Enter LADY CONSTANT. No way for an escape?

[Attempts both stage doors, and is prevented. Lady Con. I have lost every rubber I play'd forquite broke; do, Mr. Lovemore, lend me another hundred.

Love. I would give a hundred you were all in Nova Scotia.

Lady Con. Mrs. Lovemore, let me tell you, you are married to the 'falsest man; he has deceived me strangely.

Mrs. Love. I begin to feel for him, and to pity his uneasiness.

Mrs. Bell. Never talk of pity; let him be probed to the quick

Sir Bash. The case is pretty plain, I think, now, Sir Brilliant.

Sir Bril. Pretty plain, upon my soul! Ha! ha!

Love. I'll turn the tables upon Sir Bashful, for all this--[Takes Sir Bashful's letter out of his pocket.]where is the mighty harm now in this letter?

Sir Bash. Where's the harm? -Ha! ha! ha!

Love. [Reads.] I cannot, my dearest life, any longer behold

Sir Bash. Shame and confusion! I am 'undone.

[Aside. Love. Hear this,, Sir Bashful-I cannot, my dearest life, any longer behold the manifold vexations, of which, through a false prejudice, I am myself the occasion. Sir Bash. 'Sdeath! I'll hear no more of it.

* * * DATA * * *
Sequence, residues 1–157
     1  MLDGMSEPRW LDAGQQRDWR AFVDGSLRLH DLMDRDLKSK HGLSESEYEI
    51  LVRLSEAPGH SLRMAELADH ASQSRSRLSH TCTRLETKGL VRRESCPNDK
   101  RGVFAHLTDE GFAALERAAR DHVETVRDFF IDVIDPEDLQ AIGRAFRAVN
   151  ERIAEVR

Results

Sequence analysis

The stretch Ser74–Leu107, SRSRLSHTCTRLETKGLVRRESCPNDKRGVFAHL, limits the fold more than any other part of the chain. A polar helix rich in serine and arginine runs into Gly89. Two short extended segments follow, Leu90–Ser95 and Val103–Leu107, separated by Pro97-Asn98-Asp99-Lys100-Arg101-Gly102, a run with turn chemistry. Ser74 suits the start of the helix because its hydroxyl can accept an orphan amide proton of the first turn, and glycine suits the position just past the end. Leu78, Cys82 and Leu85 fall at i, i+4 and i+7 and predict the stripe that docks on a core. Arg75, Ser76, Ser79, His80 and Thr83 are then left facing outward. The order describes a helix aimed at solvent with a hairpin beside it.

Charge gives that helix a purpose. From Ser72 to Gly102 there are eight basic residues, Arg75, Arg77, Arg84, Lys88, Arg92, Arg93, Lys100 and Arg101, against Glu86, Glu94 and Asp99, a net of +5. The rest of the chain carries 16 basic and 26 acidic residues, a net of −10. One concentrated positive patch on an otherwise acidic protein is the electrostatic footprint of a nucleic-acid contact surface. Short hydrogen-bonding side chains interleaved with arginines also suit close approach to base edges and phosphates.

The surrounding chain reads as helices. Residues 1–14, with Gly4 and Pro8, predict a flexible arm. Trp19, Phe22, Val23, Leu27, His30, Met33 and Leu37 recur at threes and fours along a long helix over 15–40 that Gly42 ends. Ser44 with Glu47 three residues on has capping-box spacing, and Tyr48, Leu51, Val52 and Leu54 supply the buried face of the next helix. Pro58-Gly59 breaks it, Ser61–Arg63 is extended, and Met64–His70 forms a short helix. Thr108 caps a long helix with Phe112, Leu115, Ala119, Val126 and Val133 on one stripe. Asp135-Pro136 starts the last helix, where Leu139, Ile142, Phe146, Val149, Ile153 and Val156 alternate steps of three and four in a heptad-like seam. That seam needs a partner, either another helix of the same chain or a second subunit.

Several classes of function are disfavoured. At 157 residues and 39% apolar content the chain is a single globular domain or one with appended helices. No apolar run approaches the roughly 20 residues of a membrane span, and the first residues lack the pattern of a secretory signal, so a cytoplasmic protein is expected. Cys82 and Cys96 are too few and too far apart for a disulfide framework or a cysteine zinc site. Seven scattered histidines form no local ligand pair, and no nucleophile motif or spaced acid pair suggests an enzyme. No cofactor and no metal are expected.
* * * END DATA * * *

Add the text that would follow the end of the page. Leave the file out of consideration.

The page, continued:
[Snatches at the letter. Love. No, sir; I resign it here, where it was directed.

Lady Con. For heaven's sake let us seem It is his hand, sure enough.

Love. Yes, madam, and those are his sentiments.
Sir Bash. I can't look any body in the face.
All. Ha! ha!

Sir Bril. So, so, so! he has been in love with his wife all this time, has he! Sir Bashful, will you go and see the new comedy with me? Lovemore, pray now don't you think it a base thing to invade the happiness of a friend? or to do him ú clandestine wrong? or to injure him with the woman he loves?

Love. To cut the matter short with you, sir, we are both villains.

Sir Bril. Villains !
Love. Ay, both! we are pretty fellow's indeed !

Mrs. Bell. I am glad to find you are awakened to a sense of your error.

Love. I am, madam, and am frank enough to own it. I am above attempting to disguise my feelings, when I am conscious they are on the side of truth and honour. With sincere remorse I ask your pardon.I should ask pardon of my Lady Constant too, but the truth is, Sir Bashful threw the whole affair in my way; and when a husband will be ashamed of loving a valuable woman, he must not be surprised, if other people take her case into consideration, and love her for him.

Sir Bril. Why, faith, that does in some sort apologize for him.